What happened after that was, we had some faulty assumptions which we didn’t really test. We actually did this in a really bad way and thousands of sellers left because of it. There were a lot of items on the site that were poor quality and we were trying to go after more high quality sellers. When we spoke to those people they said they didn’t want to list their stuff next to work that wasn’t as good. So we made some changes to discourage some low quality stuff such as assembled jewellery.

We redesigned the site so that it wasn’t based around tags anymore, and introduced  a formal taxonomy / category navigation. We were trying to make it more professional. We were trying to make it more professional. Profitability wise it was more profitable for a while after the changes but in terms of use, it declined. We saw a decline in the use of the forum, although social media use was rising and has done ever since so that became less significant on the platform.The upshot of our work in 2012 is that we alienated a lot of users of our service

Who owns Folksy?

I own it with someone called Dan Barker. He is an analyst and came into the business last year. I’ve known him for years, he’s an e-commerce specialist but also a smart and nice person. The team consists of two full time employees and 3 support staff.

I’m still involved but I’m fairly hands off. I chip in where I can add value but Folksy can’t pay me what I could earn elsewhere. A small team run the business and I catch up with them once a fortnight. We have rough sprints which they define and I’ll be involved at the start of the sprint prioritising the backlog.

Biggest Mistake?

I think we made a mistake in being a bit closed off in the early years and not open enough. With hindsight I would have done a lot more partnership work and developed the supplies side. We’ve seen the rise of social media and selling that way, we missed the boat on that. We mistakenly believed that a niche service would always be better. We just didn’t keep our eyes open to what was happening, and partner up with other people doing interesting things enough.

“We just didn’t keep our eyes open to what was happening”

Proudest Moment?

The thing I found most personally satisfying was in 2012. It was an event in Ecclesall woods in Sheffield. We got makers and speakers from around the world we never thought we’d get. The feedback we had from that event was extraordinary and we realised we had all this good will from within the craft community. People came from Sweden, Canada and I felt really proud and amazed that we managed to put something on like that.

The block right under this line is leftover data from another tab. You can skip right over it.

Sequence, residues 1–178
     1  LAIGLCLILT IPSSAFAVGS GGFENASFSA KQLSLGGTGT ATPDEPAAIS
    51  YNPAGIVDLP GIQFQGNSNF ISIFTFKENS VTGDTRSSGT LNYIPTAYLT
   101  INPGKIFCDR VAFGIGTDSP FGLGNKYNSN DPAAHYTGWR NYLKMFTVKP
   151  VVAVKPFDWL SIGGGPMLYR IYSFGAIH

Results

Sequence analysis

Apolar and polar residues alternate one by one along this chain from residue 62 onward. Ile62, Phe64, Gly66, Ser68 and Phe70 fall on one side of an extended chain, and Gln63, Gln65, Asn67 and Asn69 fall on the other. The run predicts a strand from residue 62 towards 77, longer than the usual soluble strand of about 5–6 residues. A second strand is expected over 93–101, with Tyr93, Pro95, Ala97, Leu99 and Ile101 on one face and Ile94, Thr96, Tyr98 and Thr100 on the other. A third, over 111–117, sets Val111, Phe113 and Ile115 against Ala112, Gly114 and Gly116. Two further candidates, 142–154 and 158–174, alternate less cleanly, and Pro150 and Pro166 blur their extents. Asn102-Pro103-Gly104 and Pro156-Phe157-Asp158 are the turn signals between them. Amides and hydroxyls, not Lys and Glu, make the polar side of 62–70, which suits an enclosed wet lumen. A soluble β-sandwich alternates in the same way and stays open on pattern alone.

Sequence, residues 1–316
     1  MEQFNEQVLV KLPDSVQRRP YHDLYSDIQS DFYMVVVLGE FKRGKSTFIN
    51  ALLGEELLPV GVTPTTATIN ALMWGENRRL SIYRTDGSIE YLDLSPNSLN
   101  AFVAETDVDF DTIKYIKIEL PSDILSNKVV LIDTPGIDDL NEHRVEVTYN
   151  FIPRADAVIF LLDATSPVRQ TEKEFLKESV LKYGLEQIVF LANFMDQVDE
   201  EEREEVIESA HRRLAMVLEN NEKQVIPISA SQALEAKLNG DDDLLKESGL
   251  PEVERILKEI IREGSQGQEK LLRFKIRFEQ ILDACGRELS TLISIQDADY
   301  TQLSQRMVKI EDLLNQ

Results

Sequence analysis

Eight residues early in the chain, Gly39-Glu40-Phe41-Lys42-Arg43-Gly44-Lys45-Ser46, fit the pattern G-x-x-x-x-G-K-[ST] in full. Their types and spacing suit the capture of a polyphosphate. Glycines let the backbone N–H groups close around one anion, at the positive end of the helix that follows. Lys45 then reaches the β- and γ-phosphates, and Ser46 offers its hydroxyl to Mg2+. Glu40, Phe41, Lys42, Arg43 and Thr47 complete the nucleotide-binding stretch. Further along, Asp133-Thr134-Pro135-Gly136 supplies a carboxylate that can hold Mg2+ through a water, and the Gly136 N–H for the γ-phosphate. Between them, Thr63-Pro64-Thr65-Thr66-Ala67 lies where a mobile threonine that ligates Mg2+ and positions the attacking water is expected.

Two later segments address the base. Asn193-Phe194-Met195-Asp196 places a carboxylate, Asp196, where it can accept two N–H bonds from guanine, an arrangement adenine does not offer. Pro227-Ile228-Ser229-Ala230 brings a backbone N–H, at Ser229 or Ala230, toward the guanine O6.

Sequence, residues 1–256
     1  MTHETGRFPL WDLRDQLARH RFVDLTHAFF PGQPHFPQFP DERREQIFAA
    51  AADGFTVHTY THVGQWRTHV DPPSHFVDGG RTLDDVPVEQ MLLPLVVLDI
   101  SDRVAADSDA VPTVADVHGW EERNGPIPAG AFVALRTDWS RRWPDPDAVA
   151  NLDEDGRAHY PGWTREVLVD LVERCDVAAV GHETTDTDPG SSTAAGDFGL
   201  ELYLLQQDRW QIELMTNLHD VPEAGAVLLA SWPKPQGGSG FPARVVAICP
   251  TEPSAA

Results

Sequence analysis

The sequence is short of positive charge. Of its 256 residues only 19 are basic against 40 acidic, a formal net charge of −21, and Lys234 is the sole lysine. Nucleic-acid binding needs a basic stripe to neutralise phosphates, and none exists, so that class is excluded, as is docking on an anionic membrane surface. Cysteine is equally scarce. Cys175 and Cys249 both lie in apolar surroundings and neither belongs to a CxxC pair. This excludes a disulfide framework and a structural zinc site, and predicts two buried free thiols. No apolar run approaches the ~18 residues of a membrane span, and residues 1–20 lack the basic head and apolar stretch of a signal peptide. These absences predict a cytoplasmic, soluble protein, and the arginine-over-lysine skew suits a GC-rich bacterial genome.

Also, hearing the user stories of sellers on Folksy. When you hear someone has just sold their 3,000th item for instance, that gives us a real sense of why we do it.

Was that a one off or an experiment for a regular thing?

We did the event for our 5 year anniversary primarily. But also in the back of my mind there were two things: 1) if were to do an event, how would we do it and what would it look like? 2) Could it be profitable?

We made a small amount of money on that event, but we realised that there is an enormous amount of work that goes into organising a good event. If we were to do more of them we would have to create a format we could repeat easily where we wouldn’t have to recreate the event every time. We may do something for our ten year anniversary that’s coming up.

Will social media eventually consume platforms like Folksy or will they always be around?

Social media is going to be far more important for our users as a means of selling work. Having a direct relationship with your customers is something that these makers want. They want to own that relationship. We are aware of that and it is increasingly easy to do that. People who do it well are able to tell a story, take good photos and act like a micro global brand.

When Facebook local really kicks off I think that could be a game changer. But Amazon and Google have both tried ecommerce for crafters this and failed, so it’s not like a big player can come in and just roll us over.

What is the future for Folksy?

We’re looking at becoming less reliant on end sales revenue. So that could be through learning or supplies. We’re going to explore that in the next 12 months. We have a very close relationship with our community and that is something we do better than the competition.